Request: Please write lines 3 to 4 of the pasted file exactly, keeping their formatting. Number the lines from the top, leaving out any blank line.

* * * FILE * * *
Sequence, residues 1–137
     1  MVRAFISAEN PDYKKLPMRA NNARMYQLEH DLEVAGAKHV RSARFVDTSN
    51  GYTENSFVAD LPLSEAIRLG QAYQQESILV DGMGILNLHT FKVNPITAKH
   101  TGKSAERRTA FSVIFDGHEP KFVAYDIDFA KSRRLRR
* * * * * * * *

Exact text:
    51  GYTENSFVAD LPLSEAIRLG QAYQQESILV DGMGILNLHT FKVNPITAKH
   101  TGKSAERRTA FSVIFDGHEP KFVAYDIDFA KSRRLRR